Minutes for Banco de la República’s Board of Directors Meeting on September 29, 2022
This policy decisión was based on the following considerations.
- Headline inflation in August was 10.8%, a figure above the 9.9% annual rate forecast by the technical staff. Core inflation (excluding food and regulated items) kept on an upward trend, reaching an annualized rate of 6.9% in that month. The percentage of items equal to or above the target in August 2022 stood at 89%, surpassing the rate observed a year earlier (61.7%) and confirming a significant difussion in price increases.
- Inflation expectations at different horizons mantained an upward trend, showing considerable sensitivity to recent inflation. In the case of economic analysts, Banco de la República's survey showed inflation expectations for the end of 2023 increased from 5.5% to 6.3% between August and September, according to the median of the sample. Inflation expectations derived from the debt markets also rose significantly, especially for shorter terms.
- The pace of economic activity so far this year has consistently exceeded the technical staff´s forecasts and those of the market. The momentum has been due to a build-up in domestic demand, driven largely by high growth in household consumption. On this basis, the technical staff increased the forecast for real GDP growth in 2022 from 6.9% to 7.8%.
- The economic tracking indicator (ISE), as well as several indicators for the third quarter, are beginning to show signs of a slowdown in productive activity. This trend could strengthen in the coming months as a result of exhaustion of the effects of post-pandemic pent-up demand, the impact of higher inflation on real income, less fiscal stimulus and the restrictive monetary policy stance. Taking all these factors into account, plus the risks associated with an adverse international context, the technical staff revised its forecast for growth in 2023 from 1.1% to 0.7%.
The Board of Directors agreed to continue the monetary policy adjustment that has been underway for the past year, which they believe is necessary in an economy where inflation and its expectations remain significantly above target, causing a high degree of indexation. Hikes in external interest rates, higher risk premia and the volatility in international financial markets also influenced this decision. The Board knows an adjustment of this magnitude requires weighing the prospect of a slowdown in economic activity against that of inflation, which is still far from the target, driving expectations that feed back into it. In this context, six members voted in favor of a 100 bp increase and one Board member supported a 50 bp increase.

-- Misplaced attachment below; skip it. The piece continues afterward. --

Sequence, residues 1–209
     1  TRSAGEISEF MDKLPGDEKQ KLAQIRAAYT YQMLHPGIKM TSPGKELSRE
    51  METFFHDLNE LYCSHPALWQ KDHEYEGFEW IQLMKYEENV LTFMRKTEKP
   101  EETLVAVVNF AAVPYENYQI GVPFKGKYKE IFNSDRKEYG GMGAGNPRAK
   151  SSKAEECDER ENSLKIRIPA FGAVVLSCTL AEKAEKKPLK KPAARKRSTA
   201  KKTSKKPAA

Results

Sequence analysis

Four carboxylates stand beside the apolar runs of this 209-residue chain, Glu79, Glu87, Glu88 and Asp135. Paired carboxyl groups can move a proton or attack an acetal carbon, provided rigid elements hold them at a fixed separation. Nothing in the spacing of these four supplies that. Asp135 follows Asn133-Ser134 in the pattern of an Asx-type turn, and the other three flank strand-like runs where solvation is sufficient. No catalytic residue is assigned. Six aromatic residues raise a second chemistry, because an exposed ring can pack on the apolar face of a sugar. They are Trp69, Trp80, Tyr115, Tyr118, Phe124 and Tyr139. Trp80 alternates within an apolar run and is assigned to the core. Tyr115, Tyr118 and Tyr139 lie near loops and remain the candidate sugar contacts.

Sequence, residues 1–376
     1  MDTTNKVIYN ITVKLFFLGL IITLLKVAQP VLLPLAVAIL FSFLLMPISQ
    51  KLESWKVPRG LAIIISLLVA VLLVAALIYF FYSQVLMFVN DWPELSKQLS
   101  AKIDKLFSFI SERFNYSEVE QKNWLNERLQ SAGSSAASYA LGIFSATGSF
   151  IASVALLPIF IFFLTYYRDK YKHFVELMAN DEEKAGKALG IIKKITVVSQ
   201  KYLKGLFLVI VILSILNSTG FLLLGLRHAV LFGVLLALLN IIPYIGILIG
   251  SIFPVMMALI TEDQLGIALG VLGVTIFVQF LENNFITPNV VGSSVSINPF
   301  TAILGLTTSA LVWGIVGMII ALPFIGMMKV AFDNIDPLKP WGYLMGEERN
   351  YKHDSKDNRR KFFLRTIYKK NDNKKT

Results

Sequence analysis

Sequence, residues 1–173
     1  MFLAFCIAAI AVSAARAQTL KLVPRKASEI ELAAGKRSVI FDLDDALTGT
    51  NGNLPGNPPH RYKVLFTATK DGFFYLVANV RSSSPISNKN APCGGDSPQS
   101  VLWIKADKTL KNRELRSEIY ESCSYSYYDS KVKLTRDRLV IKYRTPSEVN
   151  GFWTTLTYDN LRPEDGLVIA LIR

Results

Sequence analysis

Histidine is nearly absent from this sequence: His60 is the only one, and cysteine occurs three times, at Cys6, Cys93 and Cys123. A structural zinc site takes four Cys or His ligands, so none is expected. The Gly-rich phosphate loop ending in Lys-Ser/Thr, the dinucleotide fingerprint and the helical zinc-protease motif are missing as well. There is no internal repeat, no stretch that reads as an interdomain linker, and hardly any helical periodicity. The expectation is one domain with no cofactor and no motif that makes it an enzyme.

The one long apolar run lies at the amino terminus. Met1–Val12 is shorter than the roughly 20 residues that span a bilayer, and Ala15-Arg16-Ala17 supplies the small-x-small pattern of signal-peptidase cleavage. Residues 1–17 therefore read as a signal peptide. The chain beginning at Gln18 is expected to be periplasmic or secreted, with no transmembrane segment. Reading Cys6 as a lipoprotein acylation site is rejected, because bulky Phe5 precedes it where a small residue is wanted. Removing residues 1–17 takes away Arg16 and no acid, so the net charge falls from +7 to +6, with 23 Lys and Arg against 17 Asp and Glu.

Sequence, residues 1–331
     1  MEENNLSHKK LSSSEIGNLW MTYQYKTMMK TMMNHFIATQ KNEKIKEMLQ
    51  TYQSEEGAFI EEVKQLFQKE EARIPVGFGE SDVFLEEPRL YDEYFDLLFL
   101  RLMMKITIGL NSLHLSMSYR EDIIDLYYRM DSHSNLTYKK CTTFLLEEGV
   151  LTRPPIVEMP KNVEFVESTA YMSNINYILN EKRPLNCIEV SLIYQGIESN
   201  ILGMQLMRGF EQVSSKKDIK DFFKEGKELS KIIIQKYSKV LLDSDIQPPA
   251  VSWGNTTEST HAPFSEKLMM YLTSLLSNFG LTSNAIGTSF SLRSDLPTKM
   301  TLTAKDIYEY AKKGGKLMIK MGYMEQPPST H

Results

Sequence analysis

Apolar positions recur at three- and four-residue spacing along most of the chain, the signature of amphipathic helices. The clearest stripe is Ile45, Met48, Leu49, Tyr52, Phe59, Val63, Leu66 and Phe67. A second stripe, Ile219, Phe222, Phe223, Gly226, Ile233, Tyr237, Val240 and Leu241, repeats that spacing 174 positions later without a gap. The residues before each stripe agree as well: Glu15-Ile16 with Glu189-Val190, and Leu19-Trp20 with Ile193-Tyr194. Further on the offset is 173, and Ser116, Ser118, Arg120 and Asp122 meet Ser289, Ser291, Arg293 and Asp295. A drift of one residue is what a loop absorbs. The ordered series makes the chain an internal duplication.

In their individual interventions, the members of the majority group noted several reasons for their vote. Recent economic forces at work may have led to an increase in the output gap. While credit growth has stabilized, it has done so at fairly high rates, particularly for the consumer portfolio which is growing at an annual rate of nearly 23%. Core inflation has shown a strong upward trend. Inflation expectations respond mostly to increases in actual inflation, creating a mechanism that reinforces further price hikes. The current account deficit in the balance of payments, which is close to 6.0% of GDP, could see its future financing compromised in an environment of high global interest rates and growing risk aversion in international financial markets. Projected economic growth for 2022 improved by almost one percentage point, but the outlook for growth in 2023 was reduced by slightly less than half a percentage point. In these circumstances, six members felt a 100 bp increase to be appropriate, while giving a clear signal of the Board's commitment to fighting inflation.
The Board Member who voted for a 50 bp increase noted the greatest risk at this point in time is a sharp slowdown in productive activity and, therefore, in employment. S/he also pointed out that the benchmark interest rate hikes during the past year have yet to contain the rise in inflation or its expectations, as current inflation is due primarily to supply shocks. Surplus demand is manifest more in upturns in imports than in higher prices . This being the case, further interest rate hikes would affect economic growth far more than inflation. The trend increase in external interest rates entails similar adjustments in domestic interest rates. On this point, the member pointed out that such high interest rates imply considerable risks for the consumer portfolio, the productive sector and government financing.
The Board of Directors reiterated its commitment to seeing that inflation converges towards the 3.0% annual target, as a fundamental requirement to ensure the momentum and sustainability of economic growth in the medium and long term. In this regard, they noted that additional increases in the policy rate may be necessary in the months ahead, depending on data availability at any given time on the domestic and external economic situation and its outlook.